The Seiko Astron GPS Solar Big Date Novak Djokovic LE
Who would have said that the Seiko Astron was going to be that successful? It looks like yesterday but it actually happened in 2013, when the Astron first appeared on Horbiter®'s pages and here it is again in its tenth version and witnessing Horbitech's birth; the same way the first Seiko Astron in the series graced the front pages of a new blog that is now about to become a media channel. Besides, think about it for a moment; do you think that such a big manufacturing company like Seiko is would have invested so much energy and money to accomplish something that would only last a season or a little longer than that? Certainly not, but nobody, including myself, would have thought that the Seiko Astron GPS Solar would become the product of such a large collection that is now a trademark by itself, a product philosophy that is separated from the rest of the range.
The Japanese, world leaders when it comes to digital technology in the radio-controlled and GPS technology sectors, have come up with yet another version of their Astron GPS. They have also managed to create a link with mechanical watch-making, of which Seiko is a co-protagonist, because within the Seiko Astron GPS Solar Big Date lies the very best example of those complications that are typical of mechanical timepieces; the Big Date that somehow reminds us of the brand’s Premier men's collection, the Kinetic technology, and the 7D56 reference that is equipped with the exact same window with the very same font and the same complication in that position. If you want to find out what our readers said in the past about the Seiko Astron GPS Solar, I would recommend your reading of our dedicated articles on Horbiter®. I am talking in the reverse order about the Seiko Astron GPS Solar Chronograph, the Seiko Astron GPS Solar Stratosphere or even about the July 2013 first published article about Seiko; an all-encompassing article about what Seiko presented in Basel that specific year.
From today onwards, Horbitech is officially the home of the Astron GPS, not a smartwatch, but rather a collection that combines the digital mission of this new channel. Chronograph, Dual Time, World-Time and Big Date; these are the four macro collections of the Seiko Astron GPS Solar Big Date; here you can find it in its version dedicated to the European ambassador of the brand; the great tennis player Novak Djokovic, who – in his role as a sports globe-trotter – uses this timepiece more often than even the most rigorous executive of a multinational enterprise.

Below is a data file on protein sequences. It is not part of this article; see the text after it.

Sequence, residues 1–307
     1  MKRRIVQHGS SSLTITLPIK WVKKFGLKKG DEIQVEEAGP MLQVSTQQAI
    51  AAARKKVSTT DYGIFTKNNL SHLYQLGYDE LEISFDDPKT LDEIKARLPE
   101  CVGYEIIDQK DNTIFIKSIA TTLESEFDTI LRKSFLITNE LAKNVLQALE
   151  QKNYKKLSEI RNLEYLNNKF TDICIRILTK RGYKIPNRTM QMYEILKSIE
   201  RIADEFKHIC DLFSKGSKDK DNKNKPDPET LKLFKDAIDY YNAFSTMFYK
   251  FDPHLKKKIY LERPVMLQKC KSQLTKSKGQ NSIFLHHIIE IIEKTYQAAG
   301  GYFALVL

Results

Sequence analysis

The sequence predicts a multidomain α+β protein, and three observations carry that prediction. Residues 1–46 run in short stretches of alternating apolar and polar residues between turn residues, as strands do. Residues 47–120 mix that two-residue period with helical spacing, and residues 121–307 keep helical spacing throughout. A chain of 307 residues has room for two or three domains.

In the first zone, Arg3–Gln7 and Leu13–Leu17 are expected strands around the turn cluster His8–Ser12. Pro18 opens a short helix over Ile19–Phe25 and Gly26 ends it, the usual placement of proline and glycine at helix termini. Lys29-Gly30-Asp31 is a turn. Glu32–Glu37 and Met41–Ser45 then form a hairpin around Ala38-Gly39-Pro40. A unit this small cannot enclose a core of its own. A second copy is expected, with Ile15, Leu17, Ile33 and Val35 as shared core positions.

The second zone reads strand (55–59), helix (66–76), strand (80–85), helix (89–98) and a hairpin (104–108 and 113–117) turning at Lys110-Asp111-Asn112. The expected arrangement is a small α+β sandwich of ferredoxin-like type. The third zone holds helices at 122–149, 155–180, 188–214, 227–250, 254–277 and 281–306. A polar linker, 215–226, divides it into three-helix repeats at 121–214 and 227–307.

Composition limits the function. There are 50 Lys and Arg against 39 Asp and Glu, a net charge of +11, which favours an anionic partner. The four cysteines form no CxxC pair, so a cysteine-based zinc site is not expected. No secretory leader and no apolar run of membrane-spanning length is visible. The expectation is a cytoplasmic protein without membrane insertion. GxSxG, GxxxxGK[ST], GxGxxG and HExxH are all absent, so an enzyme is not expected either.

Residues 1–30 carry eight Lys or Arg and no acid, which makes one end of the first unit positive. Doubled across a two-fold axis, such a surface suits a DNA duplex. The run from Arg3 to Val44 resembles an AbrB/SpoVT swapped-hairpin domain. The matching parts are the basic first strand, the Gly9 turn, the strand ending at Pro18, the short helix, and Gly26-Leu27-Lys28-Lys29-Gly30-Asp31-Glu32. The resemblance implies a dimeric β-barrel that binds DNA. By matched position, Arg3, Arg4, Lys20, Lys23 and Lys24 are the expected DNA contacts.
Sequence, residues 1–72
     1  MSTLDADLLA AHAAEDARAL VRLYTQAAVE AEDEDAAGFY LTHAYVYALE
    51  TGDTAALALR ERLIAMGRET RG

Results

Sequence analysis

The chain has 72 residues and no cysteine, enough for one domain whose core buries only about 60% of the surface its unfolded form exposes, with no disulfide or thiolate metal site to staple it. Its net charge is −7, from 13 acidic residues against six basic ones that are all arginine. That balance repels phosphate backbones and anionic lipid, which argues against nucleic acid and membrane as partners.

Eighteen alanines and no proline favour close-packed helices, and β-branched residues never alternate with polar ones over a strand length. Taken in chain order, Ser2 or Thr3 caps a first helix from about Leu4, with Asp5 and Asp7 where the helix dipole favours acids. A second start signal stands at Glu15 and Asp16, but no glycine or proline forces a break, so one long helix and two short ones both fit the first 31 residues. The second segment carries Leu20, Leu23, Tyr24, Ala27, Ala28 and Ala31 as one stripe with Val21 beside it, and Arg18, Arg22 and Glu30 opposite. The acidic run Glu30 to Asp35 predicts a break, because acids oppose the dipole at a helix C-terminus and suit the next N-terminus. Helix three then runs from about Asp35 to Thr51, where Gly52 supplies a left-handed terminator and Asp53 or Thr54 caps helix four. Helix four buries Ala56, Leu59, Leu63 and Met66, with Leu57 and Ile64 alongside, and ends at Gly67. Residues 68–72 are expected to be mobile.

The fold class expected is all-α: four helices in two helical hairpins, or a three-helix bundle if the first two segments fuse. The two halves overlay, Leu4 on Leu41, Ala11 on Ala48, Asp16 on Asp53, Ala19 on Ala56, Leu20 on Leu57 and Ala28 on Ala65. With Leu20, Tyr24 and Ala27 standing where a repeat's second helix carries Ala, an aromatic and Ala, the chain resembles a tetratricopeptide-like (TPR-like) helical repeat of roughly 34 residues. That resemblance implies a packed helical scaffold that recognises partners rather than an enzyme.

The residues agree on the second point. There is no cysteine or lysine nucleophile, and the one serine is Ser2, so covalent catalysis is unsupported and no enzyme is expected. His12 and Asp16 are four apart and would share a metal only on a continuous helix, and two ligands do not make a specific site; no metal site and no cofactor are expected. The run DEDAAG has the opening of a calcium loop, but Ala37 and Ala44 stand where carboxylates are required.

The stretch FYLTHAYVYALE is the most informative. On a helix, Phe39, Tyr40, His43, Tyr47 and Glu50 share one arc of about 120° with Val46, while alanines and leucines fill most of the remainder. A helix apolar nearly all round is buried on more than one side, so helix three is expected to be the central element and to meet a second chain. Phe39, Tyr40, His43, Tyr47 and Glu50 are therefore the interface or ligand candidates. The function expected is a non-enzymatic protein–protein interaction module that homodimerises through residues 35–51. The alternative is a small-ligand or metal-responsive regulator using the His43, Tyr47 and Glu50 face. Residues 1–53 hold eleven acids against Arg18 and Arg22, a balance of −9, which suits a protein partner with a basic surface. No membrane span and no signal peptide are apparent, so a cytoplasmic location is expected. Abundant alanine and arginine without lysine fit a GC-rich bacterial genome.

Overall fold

A new caliber, the 8X42, enters the family of the Seiko Astron timepieces. This is a watch that is famous for its unique feature; a mini-antenna located under the ceramic bezel that receives its signal from GPS satellites and that automatically adjusts its hands so as to get the local time of the city where you have just landed. A more classical and elegant aesthetic style if compared to the first Astron timepieces, a style that brings to this collection, and thus to its European customers, some typical characteristics of those Brightz watches that are sold exclusively on the domestic Japanese market.
The Seiko Astron GPS Solar Big Date Novak Djokovic Limited Edition features a steel-made case with a Black Hard coating, on the bezel are engraved the names of the cities corresponding to the earth’s different time zones, where the four cities indicating the Grand Slam tournaments - that Nole won one after the other in 2016 – are painted in yellow, probably as a reference to the color of a tennis ball. The Seiko Astron GPS Solar Big Date Novak Djokovic Limited Edition is 45.5mm large and 13mm thick, the small components of the Dual-Time display the four game scores (Love, 15', 30' and 45'). Among the other basic technical features of the SSE143 reference are a resistance to magnetic fields of up to 4800 A/m and a precision rate of one second each 100,000 years. This timepiece is definitely a great mixture of miniaturized technology in a limited edition and it retails at a price of 2,150 euro. Do you think there is anything else to add to that?
(Photo credit: Horbiter®'s proprietary photo-shooting)
Gaetano C @Horbiter®